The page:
It has been observed in experiment that the anatomical structure of neuronal networks in the brain possesses the feature of small-world networks. Yet how the small-world structure affects network dynamics remains to be fully clarified. Here we study the dynamics of a class of small-world networks consisting of pulse-coupled integrate-and-fire (I&F) neurons. Under stochastic Poisson drive, we find that the activity of the entire network resembles diffusive waves. To understand its underlying mechanism, we analyze the simplified regular-lattice network consisting of firing-rate-based neurons as an approximation to the original I&F small-world network. We demonstrate both analytically and numerically that, with strongly coupled connections, in the absence of noise, the activity of the firing-rate-based regular-lattice network spatially forms a static grating pattern that corresponds to the spatial distribution of the firing rate observed in the I&F small-world neuronal network. We further show that the spatial grating pattern with different phases comprise the continuous attractor of both the I&F small-world and firing-rate-based regular-lattice network dynamics. In the presence of input noise, the activity of both networks is perturbed along the continuous attractor, which gives rise to the diffusive waves. Our numerical simulations and theoretical analysis may potentially provide insights into the understanding of the generation of wave patterns observed in cortical networks.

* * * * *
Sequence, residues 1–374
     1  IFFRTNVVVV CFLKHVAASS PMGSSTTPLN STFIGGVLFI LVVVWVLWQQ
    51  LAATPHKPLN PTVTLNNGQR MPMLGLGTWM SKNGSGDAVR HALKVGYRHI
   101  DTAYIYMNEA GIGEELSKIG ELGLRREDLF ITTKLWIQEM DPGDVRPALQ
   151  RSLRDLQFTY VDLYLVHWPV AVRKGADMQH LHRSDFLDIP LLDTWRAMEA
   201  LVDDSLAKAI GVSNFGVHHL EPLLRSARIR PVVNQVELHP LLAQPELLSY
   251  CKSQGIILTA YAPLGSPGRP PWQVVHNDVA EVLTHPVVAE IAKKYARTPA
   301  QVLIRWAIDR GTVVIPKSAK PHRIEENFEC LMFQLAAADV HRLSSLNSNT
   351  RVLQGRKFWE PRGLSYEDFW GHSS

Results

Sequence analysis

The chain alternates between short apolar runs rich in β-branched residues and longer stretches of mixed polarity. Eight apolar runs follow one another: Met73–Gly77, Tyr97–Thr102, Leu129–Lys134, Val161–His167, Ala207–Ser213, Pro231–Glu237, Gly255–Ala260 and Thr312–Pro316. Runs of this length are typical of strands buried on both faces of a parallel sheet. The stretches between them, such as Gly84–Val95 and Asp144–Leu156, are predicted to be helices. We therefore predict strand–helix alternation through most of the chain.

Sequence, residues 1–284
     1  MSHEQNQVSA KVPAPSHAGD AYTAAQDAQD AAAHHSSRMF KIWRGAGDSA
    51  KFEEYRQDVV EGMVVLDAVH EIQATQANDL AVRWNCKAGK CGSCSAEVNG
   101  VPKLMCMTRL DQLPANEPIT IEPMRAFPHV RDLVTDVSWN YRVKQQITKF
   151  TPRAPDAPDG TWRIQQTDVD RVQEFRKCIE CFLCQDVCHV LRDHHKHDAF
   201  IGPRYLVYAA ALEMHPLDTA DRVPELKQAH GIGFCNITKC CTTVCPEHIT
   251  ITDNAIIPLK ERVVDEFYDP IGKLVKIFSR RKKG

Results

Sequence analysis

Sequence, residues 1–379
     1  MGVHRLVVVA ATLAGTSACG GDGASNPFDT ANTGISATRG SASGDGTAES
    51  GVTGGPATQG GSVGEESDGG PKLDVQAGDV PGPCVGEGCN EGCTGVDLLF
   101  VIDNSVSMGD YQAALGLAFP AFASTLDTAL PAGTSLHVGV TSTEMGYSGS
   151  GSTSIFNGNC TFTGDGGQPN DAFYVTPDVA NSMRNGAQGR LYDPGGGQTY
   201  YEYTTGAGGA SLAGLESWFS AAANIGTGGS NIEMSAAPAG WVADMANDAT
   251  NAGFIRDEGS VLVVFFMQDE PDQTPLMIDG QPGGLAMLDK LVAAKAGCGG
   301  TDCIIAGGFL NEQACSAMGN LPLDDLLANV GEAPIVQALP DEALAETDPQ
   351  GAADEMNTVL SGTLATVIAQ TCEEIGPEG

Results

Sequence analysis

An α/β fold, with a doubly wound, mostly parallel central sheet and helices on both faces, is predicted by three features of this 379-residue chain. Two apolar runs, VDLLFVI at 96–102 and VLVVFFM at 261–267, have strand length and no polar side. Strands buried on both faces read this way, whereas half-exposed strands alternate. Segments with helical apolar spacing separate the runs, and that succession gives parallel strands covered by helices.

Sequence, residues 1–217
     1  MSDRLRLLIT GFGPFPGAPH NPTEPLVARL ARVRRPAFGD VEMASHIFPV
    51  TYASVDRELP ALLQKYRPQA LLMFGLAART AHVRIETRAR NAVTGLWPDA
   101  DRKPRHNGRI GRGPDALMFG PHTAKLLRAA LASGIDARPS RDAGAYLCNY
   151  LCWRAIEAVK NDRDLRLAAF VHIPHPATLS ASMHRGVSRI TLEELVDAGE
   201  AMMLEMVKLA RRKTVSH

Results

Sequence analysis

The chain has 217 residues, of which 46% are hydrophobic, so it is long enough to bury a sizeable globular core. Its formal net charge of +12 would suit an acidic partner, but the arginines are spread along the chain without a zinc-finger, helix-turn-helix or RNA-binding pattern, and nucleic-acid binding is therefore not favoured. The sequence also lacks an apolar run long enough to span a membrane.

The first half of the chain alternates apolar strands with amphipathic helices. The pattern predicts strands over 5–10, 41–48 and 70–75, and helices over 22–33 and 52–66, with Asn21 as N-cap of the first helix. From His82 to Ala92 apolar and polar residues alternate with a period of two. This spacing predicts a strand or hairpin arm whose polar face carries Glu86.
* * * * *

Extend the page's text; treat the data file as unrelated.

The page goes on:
ASJC Scopus subject areas
- Statistical and Nonlinear Physics
- Statistics and Probability
- Condensed Matter Physics